Every day, The New York Times’s staff scours the Web for interesting and peculiar items. On Thursday, The Washington Post said its Web site had been breached by the Syrian Electronic Army, a hacker collective that supports the Syrian president, Bashar al-Assad.

The collective bragged in that it had also targeted Time magazine and CNN, suggesting a coordinated attack on Western media organizations. It left many wondering just who â€" or what â€" is the Syrian Electronic Army? The Times’s Nicole Perlroth in May offered some background on the group, which came on the heels of an attack on another well-known media organization, The Financial Times.

(Coincidentally, Thursday’s attacks were a day after The Times’s Web site went down, though company officials said that they didn’t suspect foul-play.)

Here’s what else we noticed today:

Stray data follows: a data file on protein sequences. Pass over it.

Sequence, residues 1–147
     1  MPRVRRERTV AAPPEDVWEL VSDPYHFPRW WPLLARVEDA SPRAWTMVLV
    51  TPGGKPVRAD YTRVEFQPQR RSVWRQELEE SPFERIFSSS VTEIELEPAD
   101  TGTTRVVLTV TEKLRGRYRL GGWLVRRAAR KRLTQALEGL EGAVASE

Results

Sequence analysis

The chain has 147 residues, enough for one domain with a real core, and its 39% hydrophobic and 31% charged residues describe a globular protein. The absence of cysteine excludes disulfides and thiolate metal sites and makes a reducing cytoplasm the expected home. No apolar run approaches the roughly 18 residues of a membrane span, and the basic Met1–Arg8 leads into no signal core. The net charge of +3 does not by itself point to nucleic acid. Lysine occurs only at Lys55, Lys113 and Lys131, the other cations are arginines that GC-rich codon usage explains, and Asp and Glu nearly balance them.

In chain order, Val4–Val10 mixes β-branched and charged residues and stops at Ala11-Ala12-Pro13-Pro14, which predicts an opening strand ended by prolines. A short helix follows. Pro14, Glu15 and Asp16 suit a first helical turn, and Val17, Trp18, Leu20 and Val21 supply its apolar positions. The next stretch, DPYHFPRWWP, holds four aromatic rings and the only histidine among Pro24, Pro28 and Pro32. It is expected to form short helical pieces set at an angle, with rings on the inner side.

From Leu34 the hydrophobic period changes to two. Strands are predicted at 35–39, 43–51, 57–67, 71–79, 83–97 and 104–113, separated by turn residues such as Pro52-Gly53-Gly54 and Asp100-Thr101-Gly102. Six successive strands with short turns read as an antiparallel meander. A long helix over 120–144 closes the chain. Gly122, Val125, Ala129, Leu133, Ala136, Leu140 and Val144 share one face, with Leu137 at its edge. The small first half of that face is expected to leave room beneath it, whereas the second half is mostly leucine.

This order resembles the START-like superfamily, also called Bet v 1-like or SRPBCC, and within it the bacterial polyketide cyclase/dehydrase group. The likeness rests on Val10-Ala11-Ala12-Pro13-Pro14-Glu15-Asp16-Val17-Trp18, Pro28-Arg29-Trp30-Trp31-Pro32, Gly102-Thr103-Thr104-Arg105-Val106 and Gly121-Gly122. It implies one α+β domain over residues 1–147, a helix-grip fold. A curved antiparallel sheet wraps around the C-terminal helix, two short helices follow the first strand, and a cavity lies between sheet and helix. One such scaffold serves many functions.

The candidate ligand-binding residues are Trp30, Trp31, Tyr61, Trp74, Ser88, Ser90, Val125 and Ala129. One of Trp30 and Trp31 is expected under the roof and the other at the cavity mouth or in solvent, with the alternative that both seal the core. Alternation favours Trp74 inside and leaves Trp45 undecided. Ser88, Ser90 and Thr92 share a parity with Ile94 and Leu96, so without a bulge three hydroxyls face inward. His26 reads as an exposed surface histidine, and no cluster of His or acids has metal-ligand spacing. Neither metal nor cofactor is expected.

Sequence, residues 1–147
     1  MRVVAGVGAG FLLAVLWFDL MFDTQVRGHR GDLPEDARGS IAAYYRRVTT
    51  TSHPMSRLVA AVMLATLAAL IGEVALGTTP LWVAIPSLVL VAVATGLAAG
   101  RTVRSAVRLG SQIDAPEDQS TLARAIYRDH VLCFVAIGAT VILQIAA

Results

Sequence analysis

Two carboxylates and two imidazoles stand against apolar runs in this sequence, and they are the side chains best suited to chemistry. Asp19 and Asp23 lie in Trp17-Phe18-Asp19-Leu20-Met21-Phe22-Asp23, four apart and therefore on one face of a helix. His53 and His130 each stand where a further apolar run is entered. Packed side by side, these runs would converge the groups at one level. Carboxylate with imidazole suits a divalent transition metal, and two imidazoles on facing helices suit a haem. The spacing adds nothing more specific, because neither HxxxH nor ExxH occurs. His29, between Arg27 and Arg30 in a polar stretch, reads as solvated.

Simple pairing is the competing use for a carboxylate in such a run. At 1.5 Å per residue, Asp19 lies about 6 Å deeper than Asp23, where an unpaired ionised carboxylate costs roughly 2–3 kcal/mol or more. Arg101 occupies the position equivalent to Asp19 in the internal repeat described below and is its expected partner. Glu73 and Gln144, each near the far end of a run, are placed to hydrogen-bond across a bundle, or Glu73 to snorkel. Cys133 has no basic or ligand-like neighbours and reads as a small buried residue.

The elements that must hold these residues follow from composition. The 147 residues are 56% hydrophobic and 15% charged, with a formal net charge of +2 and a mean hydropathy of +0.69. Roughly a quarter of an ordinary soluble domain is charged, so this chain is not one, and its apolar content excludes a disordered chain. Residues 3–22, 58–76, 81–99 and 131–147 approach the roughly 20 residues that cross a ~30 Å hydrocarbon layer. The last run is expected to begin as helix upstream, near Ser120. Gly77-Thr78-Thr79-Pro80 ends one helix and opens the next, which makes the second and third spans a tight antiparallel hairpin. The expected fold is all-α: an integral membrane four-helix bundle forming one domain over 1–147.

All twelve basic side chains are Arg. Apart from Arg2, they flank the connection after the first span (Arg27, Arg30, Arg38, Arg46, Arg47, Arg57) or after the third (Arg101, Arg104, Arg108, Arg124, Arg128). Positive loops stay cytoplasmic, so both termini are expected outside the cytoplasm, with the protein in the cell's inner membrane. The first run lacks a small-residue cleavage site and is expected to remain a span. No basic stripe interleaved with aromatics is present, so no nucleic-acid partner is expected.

Facebook Use ‘Makes People Feel Worse About Themselves’
BBC News |  Using Facebook erodes overall well-being and a sense of satisfaction among young adults, researchers said. - Nick Bilton

Something’s Missing From the Golden Age of Design
Wired Opinion |  Steve Jobs inspired a generation of design thinkers. It left one entrepreneur to wonder why there aren’t more designer-led start-ups. - Ashwin Seshagiri

Meet Big Brother
Forbes |  How a philosopher in Palo Alto built Palantir, a C.I.A.-funded start-up that helped capture Bin Laden. - Ashwin Seshagiri

Economists Don’t Believe the Hyperloop
Al Jazeera |  Even if the technical aspects work, the economics of Elon Musk’s futuristic transit idea ‘do not make any sense.’ - Jenna Wortham (Related Bits post)

A Quantum Leap for the Government in Mining Twitter Feeds
The New Yorker |  Agencies don’t always need to access your private data to investigate you. What you do publicly online may suffice. - Ashwin Seshagiri

Why Is Software So Slow?
The Atlantic |  An interview with software executive Charles Simonyi on software slumps and how new apps could end drudgery. - Ashwin Seshagiri

Meet the Hackers Who Want to Jailbreak the Internet